Accordingly, some Christian congregations and church bodies today resemble more social clubs, civic organizations, and mutual admiration societies than they do outposts for the truth of Christ Jesus, dispensaries of the forgiveness of sins, and lifesaving stations rescuing souls from their sinful condition and hell. Christ-like self-sacrifice has all but been replaced with self-indulgence.
Sadly, the pressure to conform to a kind of work-righteousness mindset is just as prevalent today as it was in the first century. Congregations are busy doing things but they have little to anything to do with saving souls with the message of Christ. More often if they are doing anything besides having dinners and parties, their programming is about making big social changes in society or promoting the latest liberal and progressive agenda of liberation from all the constraints of societal and even biblical moral norms. What they call the worship is all about feeling comfortable and being entertained rather than humbly receiving the gifts of God from His work and doing.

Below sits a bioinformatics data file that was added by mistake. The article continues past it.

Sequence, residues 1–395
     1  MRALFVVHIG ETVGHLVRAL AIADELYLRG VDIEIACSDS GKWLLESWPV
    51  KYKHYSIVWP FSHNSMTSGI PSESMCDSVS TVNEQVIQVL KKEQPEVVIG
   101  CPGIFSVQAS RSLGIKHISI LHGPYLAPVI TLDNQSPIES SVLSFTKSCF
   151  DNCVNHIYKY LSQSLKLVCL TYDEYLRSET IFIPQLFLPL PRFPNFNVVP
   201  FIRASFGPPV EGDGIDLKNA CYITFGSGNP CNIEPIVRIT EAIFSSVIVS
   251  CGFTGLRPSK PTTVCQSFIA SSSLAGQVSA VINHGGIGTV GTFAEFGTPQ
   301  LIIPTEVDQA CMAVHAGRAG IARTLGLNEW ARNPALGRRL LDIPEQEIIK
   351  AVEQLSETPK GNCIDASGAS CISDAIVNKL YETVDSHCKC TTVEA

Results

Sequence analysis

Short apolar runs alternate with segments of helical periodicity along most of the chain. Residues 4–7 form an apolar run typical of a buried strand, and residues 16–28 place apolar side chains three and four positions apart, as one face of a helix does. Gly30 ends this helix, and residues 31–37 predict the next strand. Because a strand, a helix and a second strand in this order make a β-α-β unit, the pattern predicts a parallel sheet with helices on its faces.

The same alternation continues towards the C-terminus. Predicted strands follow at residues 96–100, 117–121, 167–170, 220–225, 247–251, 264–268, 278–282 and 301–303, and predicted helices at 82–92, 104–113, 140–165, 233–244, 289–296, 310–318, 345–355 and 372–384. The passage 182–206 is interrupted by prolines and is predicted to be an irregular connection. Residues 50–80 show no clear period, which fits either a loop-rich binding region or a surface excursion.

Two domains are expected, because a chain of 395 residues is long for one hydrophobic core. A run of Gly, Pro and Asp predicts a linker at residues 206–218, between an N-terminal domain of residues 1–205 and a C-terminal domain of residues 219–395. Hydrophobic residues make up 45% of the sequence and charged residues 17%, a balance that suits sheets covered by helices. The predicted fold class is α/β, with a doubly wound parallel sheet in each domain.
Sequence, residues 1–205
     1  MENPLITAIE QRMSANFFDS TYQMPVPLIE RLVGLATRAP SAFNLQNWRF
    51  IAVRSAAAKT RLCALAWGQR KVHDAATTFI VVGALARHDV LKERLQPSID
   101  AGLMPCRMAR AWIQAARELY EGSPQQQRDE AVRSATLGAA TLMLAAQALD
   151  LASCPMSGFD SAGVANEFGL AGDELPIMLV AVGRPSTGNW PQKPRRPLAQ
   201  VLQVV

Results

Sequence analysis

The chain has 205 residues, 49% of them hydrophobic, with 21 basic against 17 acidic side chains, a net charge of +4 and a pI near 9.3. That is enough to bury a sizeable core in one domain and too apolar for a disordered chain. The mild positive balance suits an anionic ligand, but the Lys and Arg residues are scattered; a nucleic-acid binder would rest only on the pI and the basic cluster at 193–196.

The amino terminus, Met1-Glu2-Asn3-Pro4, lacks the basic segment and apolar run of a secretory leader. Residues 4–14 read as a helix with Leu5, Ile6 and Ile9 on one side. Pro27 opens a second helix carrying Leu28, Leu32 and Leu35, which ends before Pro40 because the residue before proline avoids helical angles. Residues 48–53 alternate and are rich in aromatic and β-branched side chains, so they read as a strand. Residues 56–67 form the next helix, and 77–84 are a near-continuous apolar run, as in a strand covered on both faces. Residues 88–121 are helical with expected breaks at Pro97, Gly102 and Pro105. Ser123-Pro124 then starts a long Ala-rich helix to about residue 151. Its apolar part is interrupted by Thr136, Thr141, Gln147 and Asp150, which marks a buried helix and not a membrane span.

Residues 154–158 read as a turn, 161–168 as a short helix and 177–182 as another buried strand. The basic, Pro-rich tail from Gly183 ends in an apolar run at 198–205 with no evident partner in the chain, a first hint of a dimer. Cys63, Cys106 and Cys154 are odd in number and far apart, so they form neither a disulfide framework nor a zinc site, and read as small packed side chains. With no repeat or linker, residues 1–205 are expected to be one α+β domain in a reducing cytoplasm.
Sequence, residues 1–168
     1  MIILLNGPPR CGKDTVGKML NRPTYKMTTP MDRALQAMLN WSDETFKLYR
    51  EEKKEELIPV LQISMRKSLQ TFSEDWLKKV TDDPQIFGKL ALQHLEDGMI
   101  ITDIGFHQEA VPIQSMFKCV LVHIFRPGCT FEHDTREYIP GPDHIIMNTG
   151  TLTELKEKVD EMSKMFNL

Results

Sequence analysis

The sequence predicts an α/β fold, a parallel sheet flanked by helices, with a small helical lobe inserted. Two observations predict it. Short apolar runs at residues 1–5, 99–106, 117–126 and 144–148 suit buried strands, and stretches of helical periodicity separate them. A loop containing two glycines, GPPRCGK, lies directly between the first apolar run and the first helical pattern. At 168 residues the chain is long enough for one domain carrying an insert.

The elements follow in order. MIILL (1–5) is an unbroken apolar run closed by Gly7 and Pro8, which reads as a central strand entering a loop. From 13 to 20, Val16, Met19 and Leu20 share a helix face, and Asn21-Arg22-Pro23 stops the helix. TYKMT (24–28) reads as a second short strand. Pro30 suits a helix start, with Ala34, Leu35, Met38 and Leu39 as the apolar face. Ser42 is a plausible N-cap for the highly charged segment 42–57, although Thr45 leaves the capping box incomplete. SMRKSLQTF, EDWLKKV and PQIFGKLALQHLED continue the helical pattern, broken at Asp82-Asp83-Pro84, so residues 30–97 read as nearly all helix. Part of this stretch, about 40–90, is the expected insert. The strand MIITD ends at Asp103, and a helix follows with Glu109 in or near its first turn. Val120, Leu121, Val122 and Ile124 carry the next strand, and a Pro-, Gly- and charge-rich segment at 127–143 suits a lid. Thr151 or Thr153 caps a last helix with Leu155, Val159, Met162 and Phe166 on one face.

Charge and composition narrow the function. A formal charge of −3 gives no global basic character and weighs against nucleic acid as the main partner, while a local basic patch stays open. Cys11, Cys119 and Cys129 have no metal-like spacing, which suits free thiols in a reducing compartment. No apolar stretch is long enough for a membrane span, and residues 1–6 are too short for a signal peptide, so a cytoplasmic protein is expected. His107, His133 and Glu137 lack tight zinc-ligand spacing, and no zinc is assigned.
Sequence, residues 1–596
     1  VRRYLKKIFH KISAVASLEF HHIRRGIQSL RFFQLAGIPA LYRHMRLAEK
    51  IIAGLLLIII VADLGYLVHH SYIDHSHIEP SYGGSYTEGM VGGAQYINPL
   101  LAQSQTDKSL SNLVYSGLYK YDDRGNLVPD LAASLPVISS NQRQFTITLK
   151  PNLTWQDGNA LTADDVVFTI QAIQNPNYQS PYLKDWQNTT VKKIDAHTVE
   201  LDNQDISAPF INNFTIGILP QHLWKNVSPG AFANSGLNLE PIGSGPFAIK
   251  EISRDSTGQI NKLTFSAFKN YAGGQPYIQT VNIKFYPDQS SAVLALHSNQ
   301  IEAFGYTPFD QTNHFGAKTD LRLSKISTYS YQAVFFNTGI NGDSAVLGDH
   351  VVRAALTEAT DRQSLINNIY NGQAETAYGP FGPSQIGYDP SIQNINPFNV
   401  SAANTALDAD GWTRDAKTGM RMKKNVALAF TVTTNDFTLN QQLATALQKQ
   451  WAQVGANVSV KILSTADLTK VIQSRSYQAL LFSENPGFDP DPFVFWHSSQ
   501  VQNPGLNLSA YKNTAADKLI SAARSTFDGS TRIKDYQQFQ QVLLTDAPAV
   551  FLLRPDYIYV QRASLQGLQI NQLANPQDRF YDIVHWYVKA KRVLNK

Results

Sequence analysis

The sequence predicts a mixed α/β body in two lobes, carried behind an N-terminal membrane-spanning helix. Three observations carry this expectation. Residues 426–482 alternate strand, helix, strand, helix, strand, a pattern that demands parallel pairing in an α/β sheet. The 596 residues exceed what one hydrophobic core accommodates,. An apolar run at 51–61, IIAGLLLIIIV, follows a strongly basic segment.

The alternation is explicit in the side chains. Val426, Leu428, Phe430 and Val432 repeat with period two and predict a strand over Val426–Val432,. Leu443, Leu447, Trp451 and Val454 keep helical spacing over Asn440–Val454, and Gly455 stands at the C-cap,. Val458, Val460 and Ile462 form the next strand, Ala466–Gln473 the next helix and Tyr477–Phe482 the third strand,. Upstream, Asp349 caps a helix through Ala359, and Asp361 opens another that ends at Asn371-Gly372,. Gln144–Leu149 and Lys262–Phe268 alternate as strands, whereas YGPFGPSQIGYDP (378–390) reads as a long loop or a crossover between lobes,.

Sad to say, but in much of Christianity today, one is hard-pressed to hear the true Gospel. The cross of Jesus is rarely if at all mentioned. In its place is a social gospel that insists since God is love He wants us in the church to be working to free people from any sort of constraints, whether those be imposed by the government or God Himself, say through the Ten Commandments. It is preached under the banner that God is love that all sincere and good people can go to heaven no matter what religion they might practice, what kind of sinful lifestyle they have chosen, or whether they believe in Jesus Christ or not. People in these churches are being taught that they don’t really need Jesus. Their works of love will ensure that they will go to heaven. Accordingly, it has become just as true today as it was in the holy writer of Hebrews’ day, and Martin Luther found in his day, that if you want to find true salvation from sin, death and the devil, if you want to find the real Jesus, if you want to offer true sacrifices pleasing to God, you need to go out from the camp of what has become the contemporary church.